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Well, my "little vacation" ended up lasting two and a half years... funny how life steers your life in directions you weren't planning on. I'll start off with occasional posts, but I fully plan to resume this blog to full speed by the new year.

I hope you'll come back for frequent visits, to see new reviews, to share opinions, to take a survey (or two), and to celebrate the shows and show people that have made the TheatreScene!


Saturday, May 11, 2013

The 2013 Tony Awards: Best Musical Nominees on TV (Part II)


Yesterday, I talked about the TV ads for two of the four Best Musical Tony Award nominees (HERE).  Today, I'll take a fast look at the other two: A Christmas Story: The Musical  and Matilda.

A Christmas Story: The Musical

The people behind this show are the smartest of the season.  Don't tell me all of those banner ads for the show "looking for kids for the upcoming tour" weren't also there just in time for Tony nominations to be made by sheer coincidence!  Haven't seen one since the show nabbed a coveted nod in the Best Musical category...

  • This ad plays to all of the familiarity of the beloved film.  It trades on the audience going in knowing what they are getting before they get there.  People will part with money faster for a "sure thing."
  • Using critical quotes adds legitimacy to fans on the fence and regular theatre-goers who usually snub shows made from films.
  • You gotta love the film-like narrator, the vintage wrapping paper on the gifts, and the Ralphie (from the film) lookalike.  And what else can you do but smile at that crazy leg lamp?
  • Slick!  And it doesn't contain a single second of the show - no pesky "original cast" to have to fess up about for future productions.  The ultimate in "Broadway Green" - reusable with no changes needed!

I admire the audacity of the whole thing.  And as one unfamiliar with the film before seeing the show, I still wanted to see it.  What more can you ask for from a TV ad?


Instead of ignoring that it is a British import, this ad celebrates it while seamlessly celebrating the sheer "Broadway-ness" of it all.  Love the British voice over!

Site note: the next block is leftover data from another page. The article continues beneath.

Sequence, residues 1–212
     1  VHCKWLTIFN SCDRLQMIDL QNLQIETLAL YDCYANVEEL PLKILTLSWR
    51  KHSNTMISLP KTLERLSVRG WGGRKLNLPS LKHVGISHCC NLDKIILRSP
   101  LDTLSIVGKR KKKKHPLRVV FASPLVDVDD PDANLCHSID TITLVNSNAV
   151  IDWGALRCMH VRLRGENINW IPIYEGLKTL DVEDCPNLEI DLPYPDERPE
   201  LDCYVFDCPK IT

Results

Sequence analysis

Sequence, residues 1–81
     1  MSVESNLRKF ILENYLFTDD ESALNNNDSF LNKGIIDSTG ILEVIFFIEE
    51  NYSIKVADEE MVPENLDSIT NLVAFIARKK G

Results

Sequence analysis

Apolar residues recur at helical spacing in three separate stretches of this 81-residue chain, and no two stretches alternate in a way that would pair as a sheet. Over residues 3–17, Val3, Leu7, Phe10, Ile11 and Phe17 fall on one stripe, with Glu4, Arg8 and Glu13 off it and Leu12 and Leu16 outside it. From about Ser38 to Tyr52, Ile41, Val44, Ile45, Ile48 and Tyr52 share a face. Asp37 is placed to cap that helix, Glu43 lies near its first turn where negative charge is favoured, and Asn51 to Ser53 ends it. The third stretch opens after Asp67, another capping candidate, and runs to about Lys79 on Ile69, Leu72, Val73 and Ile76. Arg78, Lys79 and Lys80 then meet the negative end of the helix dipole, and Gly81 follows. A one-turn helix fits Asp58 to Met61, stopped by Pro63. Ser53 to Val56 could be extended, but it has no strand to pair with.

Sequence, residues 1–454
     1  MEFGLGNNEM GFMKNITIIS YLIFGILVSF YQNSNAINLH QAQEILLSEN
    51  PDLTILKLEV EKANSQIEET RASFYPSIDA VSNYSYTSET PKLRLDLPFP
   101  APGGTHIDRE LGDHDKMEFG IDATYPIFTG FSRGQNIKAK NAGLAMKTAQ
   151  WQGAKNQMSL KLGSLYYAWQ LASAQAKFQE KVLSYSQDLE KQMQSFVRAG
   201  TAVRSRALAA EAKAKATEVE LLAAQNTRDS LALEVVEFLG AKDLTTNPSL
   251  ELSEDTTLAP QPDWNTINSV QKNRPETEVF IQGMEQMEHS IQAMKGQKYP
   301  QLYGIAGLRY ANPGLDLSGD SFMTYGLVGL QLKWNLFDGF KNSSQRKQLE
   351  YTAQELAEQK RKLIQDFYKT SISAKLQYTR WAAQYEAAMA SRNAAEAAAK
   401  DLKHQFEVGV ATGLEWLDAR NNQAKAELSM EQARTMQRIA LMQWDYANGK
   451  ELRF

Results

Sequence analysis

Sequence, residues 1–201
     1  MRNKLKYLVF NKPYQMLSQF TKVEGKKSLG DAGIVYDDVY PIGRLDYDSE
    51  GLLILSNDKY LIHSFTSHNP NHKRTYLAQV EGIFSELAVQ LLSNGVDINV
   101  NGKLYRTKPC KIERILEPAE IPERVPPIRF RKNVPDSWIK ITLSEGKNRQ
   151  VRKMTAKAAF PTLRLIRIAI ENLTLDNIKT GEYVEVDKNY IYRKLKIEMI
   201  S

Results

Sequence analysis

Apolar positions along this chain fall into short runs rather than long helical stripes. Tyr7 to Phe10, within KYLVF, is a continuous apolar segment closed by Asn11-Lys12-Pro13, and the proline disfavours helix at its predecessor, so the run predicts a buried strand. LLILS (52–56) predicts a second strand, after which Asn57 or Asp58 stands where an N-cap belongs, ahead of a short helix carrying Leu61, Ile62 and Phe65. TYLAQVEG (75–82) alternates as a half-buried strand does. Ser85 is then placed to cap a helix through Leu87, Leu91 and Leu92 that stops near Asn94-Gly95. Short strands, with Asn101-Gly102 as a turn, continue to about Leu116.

• The floating letters emphasizing certain words in critical quotes does triple duty: you get plum critical huzzahs, key words ("extraordinary" and "believe the hype" are but 2 examples) emphasize why you NEED to see this, and it recalls the set and "discovery" of Matilda's brilliance.
  • The narration giving way to the "Revolting Children" number is good: it gives audiences a sample of the score, and it tells us that the show is child-centric.
  • Notice you don't see much of Matilda herself... emphasis is on the kids and their adversary, the evil Miss Trunchbull, seen in eerie light, staring evilly in a smoky room, versus the good girl of Miss Honey, sweet in her flower print dress and pink sweater, giving hugs.
  • Notice, too, the emphasis of the mysterious - cross-cutting between all those odd, over-the-top characters: how could all of these oddballs fit into one show? - and again, lots of eerie colors - yellows and greens - and tons of soupy fog.
  • And then there is the subliminal nod to Spring Awakening: doesn't a lot of that dance sequence look a lot like those "Totally Fucked" moves, anchored by a kid lead singing a la "The Bitch of Living"?  Is this the Spring Awakening for the grade school set?  Or does this show that even though the show is teeming with little tykes, that it will appeal to the all-important 18-49 demographic?  What is more exciting than watching adult-sized children swinging on giant swings with carefree abandon?

Exciting, colorful, thoughtful, mysterious and engrossing - the commercial and the show.  This much effort in a 80 second ad shows the same level of care taken with the whole show,  No wonder it should and will be the 2013 Best Musical.


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